Trees and Plants are offering some of the relief, especially in the urban areas with higher ambient temperatures. It is by means of providing shade and increasing evaporative cooling. Urban green spaces which include parks, gardens and urban river networks are delivering ecosystem services to cities.
Google has been actively taking part in managing these activities.
It is further helping in reducing flood risk, cooling urban micro-climates and creating recreational spaces. It has generally being accepted that trees and plants are benefiting urban environment.
Till now researchers were having every little data to work with in order to quantify the extent in which trees regulate the urban ecosystems.
Outcomes of Research conducted:
Most of the research has been conducted in the temperate zones of Europe and North America, yet little is known about tropical regions.
There is exploding urban population in megacities like Tokyo, Shanghai and Delhi to well over 20 million people. Thus it becomes quite important to understand how green spaces are contributing to urban sustainability.
Researchers from the Future Cities Laboratory at the Singapore-ETH Centre, a research outpost of ETH Zurich has developed a method for mapping and quantifying how street trees regulate ecosystem services.
By use of nearly 100,000 images which were extracted from Google Street View, they analysed hemispherical photographs by use of an algorithm.
It analysed for quantifying the proportion of green canopy coverage at 50 meter intervals across more than 80 percent of the Singapore’s road network.
Google Street View technology has allowed researchers for tapping into the standard dataset of panoramic photographs and streetscapes which use the global positioning system (GPS) for mapping images to specific locations.
Higher spatial resolution of images further allowed for estimating the amount of solar radiation which is reaching the Earth’s surface.
Peter Edwards, Principal Investigator at the Future Cities Laboratory and Director of the Singapore – ETH Centre says, “In addition to cooling urban microclimates, these trees, which are integrated within dense urban street networks, also provide other benefits, such as reducing the risk of flash flooding and cleaning the air.”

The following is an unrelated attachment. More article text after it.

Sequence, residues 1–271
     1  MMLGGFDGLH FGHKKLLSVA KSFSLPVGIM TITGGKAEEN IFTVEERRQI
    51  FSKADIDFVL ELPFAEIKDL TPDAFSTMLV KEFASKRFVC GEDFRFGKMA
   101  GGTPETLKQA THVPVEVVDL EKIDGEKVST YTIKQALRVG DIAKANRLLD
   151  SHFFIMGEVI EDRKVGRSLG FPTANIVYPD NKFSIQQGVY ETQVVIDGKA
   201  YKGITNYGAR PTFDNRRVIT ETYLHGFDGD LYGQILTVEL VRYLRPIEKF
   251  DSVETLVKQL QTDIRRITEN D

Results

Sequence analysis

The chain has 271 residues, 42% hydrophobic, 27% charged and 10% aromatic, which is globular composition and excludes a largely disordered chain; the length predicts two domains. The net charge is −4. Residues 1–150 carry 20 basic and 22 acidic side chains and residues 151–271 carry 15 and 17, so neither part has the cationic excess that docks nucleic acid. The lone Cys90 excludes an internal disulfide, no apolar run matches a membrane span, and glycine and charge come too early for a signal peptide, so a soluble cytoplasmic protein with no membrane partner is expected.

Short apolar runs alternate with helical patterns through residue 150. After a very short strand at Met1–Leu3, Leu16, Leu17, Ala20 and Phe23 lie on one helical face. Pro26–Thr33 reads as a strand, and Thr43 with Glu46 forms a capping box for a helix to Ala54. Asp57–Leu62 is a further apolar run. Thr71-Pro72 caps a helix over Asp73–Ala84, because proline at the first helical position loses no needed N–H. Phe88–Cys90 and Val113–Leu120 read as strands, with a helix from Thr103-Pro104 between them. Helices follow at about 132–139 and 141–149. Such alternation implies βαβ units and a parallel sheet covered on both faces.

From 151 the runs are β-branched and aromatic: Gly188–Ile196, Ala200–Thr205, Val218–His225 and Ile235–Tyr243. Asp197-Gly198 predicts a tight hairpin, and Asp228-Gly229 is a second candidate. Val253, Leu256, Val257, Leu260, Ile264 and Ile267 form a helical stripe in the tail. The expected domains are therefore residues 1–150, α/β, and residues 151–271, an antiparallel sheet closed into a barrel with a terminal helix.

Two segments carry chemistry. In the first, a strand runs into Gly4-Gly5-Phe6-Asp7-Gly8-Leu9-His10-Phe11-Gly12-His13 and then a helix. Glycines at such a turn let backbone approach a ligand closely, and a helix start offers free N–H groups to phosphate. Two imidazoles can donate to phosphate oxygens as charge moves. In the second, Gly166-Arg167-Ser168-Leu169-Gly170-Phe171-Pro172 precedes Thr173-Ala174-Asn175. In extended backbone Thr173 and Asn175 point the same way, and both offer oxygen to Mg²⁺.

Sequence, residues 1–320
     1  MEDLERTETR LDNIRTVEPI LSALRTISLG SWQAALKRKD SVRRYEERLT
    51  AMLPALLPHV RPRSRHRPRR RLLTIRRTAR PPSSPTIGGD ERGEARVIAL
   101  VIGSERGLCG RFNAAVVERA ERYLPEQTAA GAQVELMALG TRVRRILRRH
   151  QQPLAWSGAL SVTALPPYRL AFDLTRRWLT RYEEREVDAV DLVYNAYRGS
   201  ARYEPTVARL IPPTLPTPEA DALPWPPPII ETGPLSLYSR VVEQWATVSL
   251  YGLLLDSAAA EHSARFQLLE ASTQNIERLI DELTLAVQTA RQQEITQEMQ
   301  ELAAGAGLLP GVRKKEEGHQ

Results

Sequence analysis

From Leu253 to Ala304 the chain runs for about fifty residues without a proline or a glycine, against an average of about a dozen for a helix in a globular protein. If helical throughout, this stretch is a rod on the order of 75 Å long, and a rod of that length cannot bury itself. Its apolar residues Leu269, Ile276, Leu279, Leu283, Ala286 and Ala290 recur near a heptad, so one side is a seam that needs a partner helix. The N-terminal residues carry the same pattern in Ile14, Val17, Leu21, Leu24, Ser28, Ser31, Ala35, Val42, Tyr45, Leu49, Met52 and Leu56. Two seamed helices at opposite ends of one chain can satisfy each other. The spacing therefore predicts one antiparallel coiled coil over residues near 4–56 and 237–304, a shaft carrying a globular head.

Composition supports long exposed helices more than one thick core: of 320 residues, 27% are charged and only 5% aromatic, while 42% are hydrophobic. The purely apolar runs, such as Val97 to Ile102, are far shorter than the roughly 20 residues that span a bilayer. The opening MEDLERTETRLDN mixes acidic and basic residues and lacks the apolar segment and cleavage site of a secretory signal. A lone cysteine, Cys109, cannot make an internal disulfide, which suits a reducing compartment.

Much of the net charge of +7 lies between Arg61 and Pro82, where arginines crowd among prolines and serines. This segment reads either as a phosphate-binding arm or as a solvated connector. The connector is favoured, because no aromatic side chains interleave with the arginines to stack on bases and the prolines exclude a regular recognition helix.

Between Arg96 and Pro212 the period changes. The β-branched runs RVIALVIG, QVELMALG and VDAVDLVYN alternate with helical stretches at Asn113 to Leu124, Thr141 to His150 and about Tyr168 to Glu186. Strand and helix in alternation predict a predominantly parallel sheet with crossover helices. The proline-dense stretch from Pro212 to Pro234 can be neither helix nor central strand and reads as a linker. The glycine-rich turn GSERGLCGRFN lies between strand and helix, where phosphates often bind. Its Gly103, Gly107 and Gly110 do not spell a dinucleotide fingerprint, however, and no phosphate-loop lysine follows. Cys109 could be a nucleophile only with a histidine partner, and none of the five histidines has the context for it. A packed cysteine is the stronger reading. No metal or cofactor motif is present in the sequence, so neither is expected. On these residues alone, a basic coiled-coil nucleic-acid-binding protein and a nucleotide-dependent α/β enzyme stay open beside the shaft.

Conclusion of Research:
Researchers over the project has concluded that increasing the cover of the street tree canopy could further reduce the ground surface and air temperature over Singapore streets.
In addition to that, relative quantity of the canopy may also serve as an indicator of evaporative cooling from leaves and rainfall interception.
Dan Richards who is a post doctoral researcher at the Future Cities Laboratory and project’s co-ordinator says, “The study shows that trees are extremely important in providing shade in Singapore, and this shade could improve thermal comfort for people. Providing trees to help cool the environment is particularly important in tropical cities like Singapore, which suffers heavily from the urban heat island effect.”
This newer and inexpensive method of rapidly estimating the amount of shade which is provided by street trees could further help urban planners for identifying areas of the city which are having low shade and prioritize the planning of newer trees.
Since the Google Street View is covering many of the world’s cities, method could readily be applied for quantifying the proportion of canopy coverage and solar radiation in other tropical cities.
If these images were collected during the growing season, method then may also be adopted for accessing cities in temperate zones.
These zones are experiencing a seasonal loss of tree leaves. It further enables the possibility of creating strategically greener and more sustainable urban environments.